[Python-3000] Iterators for dict keys, values, and items == annoying :)
aahz at pythoncraft.com
Fri Mar 24 07:28:22 CET 2006
On Thu, Mar 23, 2006, Guido van Rossum wrote:
> On 3/23/06, Brett Cannon <brett at python.org> wrote:
>> I understand Ian's view since I know I like to pass around iterators
>> for use and that disconnects the iterator from the object that
>> generated it and thus makes it impossible to find out possible info on
>> the data contained without exhausting the iterator compared to just
>> performing data upon the object containing the original the data.
> You shouldn't do that unless you are consciously designing an API that
> must be able to work with in(de)finite sequences or other strange
> things. The itertools library is an example of such an API because (by
> intent) it must work for all iterators.
> Most APIs aren't as constrained and it's fine to require an iterable
> instead of an iterator.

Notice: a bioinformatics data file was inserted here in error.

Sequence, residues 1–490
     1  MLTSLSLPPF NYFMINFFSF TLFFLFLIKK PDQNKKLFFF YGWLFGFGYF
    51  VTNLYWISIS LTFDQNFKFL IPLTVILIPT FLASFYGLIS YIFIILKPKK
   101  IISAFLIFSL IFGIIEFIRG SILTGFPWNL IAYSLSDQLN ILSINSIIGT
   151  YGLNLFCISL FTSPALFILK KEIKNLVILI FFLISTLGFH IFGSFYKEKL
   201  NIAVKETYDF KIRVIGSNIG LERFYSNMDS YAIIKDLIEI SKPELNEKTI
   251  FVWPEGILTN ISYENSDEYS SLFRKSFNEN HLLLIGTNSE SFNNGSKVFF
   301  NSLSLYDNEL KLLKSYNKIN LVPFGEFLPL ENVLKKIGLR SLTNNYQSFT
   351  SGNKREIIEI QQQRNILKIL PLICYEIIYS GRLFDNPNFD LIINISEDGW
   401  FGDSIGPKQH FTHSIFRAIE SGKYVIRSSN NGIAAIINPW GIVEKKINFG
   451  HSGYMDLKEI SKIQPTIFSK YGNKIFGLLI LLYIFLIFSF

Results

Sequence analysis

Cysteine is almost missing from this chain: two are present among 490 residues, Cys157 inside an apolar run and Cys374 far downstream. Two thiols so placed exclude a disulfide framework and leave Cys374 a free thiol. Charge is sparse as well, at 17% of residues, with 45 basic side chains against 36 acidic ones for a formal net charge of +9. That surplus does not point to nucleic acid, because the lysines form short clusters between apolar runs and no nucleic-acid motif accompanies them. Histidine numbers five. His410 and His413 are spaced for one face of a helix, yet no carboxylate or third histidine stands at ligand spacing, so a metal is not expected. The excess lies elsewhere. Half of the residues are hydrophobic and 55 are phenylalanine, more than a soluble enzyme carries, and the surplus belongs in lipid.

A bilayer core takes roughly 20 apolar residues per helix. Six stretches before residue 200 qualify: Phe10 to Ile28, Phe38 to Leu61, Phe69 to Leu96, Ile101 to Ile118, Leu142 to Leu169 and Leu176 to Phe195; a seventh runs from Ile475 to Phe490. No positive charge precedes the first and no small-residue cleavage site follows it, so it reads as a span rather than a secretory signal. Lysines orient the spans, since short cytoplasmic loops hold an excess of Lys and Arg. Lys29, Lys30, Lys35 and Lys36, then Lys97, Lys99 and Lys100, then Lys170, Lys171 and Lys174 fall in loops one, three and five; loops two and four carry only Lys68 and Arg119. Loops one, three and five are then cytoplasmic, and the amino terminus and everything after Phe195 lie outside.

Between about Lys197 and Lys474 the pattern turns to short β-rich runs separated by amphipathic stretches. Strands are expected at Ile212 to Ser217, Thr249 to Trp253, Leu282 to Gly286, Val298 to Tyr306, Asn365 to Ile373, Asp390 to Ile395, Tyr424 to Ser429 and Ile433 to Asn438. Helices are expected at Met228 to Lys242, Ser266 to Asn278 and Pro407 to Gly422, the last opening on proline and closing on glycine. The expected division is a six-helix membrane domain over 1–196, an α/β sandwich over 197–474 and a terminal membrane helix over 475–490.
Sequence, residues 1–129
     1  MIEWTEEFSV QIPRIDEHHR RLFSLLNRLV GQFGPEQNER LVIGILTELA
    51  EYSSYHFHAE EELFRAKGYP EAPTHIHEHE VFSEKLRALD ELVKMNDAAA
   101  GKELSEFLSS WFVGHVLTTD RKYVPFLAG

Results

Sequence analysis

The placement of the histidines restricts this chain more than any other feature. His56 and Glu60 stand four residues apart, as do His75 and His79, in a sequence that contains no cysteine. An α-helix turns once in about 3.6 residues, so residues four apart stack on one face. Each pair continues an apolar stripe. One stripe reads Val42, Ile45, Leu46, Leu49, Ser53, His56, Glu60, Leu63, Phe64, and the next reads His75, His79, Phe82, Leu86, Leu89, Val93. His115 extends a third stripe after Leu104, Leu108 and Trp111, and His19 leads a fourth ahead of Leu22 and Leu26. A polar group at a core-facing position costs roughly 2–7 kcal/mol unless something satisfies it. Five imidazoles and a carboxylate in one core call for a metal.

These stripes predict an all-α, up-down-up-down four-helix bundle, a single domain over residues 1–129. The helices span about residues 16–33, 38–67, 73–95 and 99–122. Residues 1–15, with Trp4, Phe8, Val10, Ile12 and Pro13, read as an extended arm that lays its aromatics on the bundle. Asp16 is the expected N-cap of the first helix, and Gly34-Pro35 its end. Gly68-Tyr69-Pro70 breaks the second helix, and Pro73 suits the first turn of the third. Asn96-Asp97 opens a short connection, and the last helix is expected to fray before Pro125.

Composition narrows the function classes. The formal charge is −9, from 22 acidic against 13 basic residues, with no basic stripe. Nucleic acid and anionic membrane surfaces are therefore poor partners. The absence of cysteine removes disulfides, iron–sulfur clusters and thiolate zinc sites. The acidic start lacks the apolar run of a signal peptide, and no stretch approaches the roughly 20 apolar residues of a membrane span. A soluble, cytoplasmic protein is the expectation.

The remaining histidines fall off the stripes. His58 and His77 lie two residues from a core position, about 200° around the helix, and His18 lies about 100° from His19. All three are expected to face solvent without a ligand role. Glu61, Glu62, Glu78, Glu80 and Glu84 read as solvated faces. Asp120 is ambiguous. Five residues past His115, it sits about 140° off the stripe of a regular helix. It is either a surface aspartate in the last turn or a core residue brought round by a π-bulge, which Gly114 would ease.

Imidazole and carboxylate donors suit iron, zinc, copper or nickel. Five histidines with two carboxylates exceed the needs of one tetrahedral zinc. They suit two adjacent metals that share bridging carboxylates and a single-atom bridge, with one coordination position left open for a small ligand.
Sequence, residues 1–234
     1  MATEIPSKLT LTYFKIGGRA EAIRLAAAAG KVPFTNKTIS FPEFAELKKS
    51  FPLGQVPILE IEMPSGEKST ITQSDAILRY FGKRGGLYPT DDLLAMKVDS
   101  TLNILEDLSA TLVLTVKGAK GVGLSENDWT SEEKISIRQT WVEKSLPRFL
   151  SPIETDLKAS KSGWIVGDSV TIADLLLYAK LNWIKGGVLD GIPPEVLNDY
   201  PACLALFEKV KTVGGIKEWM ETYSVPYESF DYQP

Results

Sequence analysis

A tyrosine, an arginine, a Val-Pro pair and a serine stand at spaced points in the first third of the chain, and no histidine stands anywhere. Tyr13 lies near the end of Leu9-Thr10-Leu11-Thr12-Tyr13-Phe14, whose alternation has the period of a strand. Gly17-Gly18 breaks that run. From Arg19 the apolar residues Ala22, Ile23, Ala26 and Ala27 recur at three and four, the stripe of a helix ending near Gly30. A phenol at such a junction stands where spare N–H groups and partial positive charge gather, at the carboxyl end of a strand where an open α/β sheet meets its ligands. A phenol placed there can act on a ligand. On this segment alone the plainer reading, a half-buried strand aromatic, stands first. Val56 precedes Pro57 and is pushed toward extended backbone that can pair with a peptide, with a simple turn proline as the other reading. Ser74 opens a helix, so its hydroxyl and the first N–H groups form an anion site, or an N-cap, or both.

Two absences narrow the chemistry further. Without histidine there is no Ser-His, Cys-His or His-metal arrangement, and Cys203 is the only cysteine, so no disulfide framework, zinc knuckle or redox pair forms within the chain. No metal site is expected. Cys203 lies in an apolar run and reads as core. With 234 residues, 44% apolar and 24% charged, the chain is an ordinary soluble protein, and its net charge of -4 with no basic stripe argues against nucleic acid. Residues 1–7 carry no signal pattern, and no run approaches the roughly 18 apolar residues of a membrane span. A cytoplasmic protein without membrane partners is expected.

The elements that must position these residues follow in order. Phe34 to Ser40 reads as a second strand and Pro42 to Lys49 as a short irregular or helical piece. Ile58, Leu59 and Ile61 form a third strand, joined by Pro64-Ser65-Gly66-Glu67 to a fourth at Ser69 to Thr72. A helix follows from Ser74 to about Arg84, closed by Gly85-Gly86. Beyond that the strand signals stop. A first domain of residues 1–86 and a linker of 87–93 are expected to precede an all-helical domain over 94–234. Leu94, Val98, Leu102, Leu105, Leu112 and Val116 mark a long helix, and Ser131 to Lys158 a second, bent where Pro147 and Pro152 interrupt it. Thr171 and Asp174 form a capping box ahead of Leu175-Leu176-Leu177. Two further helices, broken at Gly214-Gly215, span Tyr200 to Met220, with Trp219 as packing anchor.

The problem is that prior to Python 2.1, there weren't any iterators;
moreover, my impression is that the majority of the Python community
didn't really "get" iterators until fairly recently. I think part of
the objection here is that while Py3K is intended to be a point where we
can break backward compatibility, semantic breakage is going to be very
hard to track down in this case.
I'm not really sure where I stand. I *like* the idea of making d.keys()
return an iterator, but my impression is that it's going to be one of the
more painful changes.
Aahz (aahz at pythoncraft.com) <*> http://www.pythoncraft.com/
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